Planning for Your Special Needs Child – Surviving Your Child’s IEP Meeting

Your child has been evaluated and determined to be in need of special educations service.  Now you’ve been informed that there will be an IEP meeting for your child.  This notification must be provided to you in writing and in advance of the planned meeting.  Usually the school will provide you with a date and time for the meeting.  If the scheduled time is not convenient for you, you have the right to request that it be rescheduled for a more convenient time.

What is an IEP?

An IEP is all about establishing what your child needs to succeed in school and what the school district can provide within the bounds of the law and cost to help your child succeed.
An IEP is an Individual Education Plan and is designed to provide your special needs child with services and resources to enable him or her to have the best chance of success in school.  While the term “special needs child” usually refers to children with developmental or physical disabilities, it can also refer to a child with exceptional abilities typically called “gifted”.  Children in “gifted” programs often have IEP’s as to their counterparts in special education.  While I will refer to children with disabilities here, the same information applied to IEP’s for children in gifted programs.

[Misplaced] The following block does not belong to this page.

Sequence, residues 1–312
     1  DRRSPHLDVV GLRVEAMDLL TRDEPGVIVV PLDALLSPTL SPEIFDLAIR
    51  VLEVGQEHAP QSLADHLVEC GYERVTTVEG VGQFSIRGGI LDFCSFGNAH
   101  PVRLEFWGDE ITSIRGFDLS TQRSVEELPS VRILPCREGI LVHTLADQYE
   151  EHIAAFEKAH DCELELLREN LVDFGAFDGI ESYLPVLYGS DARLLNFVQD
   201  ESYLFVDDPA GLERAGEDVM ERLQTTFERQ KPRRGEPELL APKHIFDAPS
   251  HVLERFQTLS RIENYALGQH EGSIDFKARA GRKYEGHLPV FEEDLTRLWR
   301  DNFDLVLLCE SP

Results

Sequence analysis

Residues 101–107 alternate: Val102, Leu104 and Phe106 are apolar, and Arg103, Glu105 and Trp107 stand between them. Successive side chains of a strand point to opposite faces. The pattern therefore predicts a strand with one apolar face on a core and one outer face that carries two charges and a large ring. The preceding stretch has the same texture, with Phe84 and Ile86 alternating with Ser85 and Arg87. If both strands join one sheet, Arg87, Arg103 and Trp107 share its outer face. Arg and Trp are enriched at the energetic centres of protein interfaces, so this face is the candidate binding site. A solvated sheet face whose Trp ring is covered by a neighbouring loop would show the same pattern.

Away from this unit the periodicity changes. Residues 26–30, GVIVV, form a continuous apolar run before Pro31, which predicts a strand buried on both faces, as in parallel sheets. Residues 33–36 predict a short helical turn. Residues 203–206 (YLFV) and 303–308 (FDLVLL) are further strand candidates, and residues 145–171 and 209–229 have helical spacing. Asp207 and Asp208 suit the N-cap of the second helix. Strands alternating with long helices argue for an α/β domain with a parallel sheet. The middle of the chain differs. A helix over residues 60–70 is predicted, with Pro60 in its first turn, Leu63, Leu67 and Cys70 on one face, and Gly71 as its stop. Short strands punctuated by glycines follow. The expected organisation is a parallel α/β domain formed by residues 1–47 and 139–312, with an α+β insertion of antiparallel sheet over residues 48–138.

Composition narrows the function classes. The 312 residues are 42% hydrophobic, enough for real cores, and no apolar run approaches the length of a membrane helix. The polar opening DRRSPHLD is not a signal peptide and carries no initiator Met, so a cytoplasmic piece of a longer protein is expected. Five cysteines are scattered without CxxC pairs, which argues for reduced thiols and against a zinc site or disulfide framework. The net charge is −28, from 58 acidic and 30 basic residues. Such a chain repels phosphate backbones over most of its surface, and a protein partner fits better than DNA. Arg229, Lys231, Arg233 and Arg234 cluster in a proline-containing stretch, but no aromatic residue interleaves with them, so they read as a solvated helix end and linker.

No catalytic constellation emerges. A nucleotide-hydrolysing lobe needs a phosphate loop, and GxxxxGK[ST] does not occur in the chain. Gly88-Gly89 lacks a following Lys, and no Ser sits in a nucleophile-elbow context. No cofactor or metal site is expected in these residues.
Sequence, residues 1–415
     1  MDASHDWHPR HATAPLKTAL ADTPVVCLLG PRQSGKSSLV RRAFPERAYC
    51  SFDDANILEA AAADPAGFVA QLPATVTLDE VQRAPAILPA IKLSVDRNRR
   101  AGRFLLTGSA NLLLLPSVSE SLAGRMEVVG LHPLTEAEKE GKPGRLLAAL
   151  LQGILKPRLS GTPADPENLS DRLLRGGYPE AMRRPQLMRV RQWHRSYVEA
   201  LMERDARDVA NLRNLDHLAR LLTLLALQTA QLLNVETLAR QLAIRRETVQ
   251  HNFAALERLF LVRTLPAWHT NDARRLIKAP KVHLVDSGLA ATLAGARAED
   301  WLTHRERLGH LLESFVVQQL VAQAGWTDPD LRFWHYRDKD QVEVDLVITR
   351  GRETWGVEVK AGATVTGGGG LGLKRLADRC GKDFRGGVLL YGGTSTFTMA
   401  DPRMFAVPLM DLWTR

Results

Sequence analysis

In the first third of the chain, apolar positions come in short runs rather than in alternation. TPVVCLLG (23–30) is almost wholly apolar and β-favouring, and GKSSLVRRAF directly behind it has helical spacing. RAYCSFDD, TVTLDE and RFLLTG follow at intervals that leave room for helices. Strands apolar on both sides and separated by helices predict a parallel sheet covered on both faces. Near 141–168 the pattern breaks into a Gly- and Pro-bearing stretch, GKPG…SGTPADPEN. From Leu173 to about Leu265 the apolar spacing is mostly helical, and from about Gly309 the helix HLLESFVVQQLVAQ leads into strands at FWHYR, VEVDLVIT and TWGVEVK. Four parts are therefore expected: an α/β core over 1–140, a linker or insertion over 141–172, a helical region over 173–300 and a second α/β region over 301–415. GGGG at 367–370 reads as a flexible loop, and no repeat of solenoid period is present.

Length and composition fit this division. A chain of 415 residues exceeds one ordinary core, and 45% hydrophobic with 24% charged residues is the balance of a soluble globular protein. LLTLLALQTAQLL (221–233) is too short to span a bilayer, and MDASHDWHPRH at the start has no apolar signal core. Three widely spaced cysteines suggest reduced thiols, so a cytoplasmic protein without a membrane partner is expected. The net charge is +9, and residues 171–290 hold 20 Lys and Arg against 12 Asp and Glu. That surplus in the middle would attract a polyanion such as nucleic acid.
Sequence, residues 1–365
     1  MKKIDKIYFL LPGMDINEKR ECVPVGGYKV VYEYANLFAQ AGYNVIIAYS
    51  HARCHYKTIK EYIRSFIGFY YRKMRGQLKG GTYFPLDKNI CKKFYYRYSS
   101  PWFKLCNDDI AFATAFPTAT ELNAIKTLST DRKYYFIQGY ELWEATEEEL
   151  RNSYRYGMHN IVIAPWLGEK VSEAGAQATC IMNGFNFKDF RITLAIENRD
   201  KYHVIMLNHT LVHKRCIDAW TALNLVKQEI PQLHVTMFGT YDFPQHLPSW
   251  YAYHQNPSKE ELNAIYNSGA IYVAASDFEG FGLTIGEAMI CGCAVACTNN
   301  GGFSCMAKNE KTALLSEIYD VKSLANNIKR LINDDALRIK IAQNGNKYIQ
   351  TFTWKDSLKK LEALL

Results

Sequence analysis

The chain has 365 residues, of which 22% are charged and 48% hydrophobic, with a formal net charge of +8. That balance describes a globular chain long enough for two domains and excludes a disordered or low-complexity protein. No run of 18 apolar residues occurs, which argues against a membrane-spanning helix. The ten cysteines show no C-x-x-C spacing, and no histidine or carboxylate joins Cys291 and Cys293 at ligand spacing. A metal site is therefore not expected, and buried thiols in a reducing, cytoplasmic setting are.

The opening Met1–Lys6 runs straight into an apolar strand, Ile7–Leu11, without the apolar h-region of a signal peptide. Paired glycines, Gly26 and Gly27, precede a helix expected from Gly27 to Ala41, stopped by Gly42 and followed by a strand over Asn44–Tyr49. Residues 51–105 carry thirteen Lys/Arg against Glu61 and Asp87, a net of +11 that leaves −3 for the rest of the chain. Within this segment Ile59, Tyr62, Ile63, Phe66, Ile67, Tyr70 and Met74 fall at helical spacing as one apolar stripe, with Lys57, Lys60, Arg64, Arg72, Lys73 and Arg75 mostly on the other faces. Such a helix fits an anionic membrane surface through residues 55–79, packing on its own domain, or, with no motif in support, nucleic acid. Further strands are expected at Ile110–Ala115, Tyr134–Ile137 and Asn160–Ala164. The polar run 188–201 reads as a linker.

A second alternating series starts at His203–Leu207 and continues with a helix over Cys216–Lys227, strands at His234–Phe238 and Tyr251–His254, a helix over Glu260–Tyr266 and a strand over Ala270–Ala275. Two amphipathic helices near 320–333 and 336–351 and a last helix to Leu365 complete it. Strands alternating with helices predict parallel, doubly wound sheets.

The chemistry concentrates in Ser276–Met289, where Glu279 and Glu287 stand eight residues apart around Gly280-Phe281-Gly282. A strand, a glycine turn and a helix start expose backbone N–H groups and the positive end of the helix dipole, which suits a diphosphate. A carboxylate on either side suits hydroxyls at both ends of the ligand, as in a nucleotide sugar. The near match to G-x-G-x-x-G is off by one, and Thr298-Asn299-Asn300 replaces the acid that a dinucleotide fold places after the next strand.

An IEP is all about establishing what your child needs to succeed in school and what the school district can provide within the bounds of the law and cost to help your child succeed.  It is important to remember that there is a difference between what we may “want” or child to have and what our child actually “needs”.  The school district must provide what is needed, within established boundaries, but not necessarily what we “want”. It is important to have a realistic plan in place to address your child’s needs prior to attending the IEP meeting.  For example, if you child’s assessment has indicated a need for physical therapy three times a week for 30 minutes each time, the school district will provide that service.  Although it would be nice to have physical therapy daily for 60-90 minutes, the district is not required to provide it.

The IEP Meeting

IEP meetings are usually held in a conference room or other private area at the child’s school.  The child is entitled to be present and participate, but is not required to do so.  Some children have the capacity and ability (especially gifted students) to have input into their IEP and are entitled to do so.  Often, however, with disabled children they either do not understand or do not have the capacity to participate.  In that case it is even more important for the parents to be informed and prepared to advocate for their child at the meeting.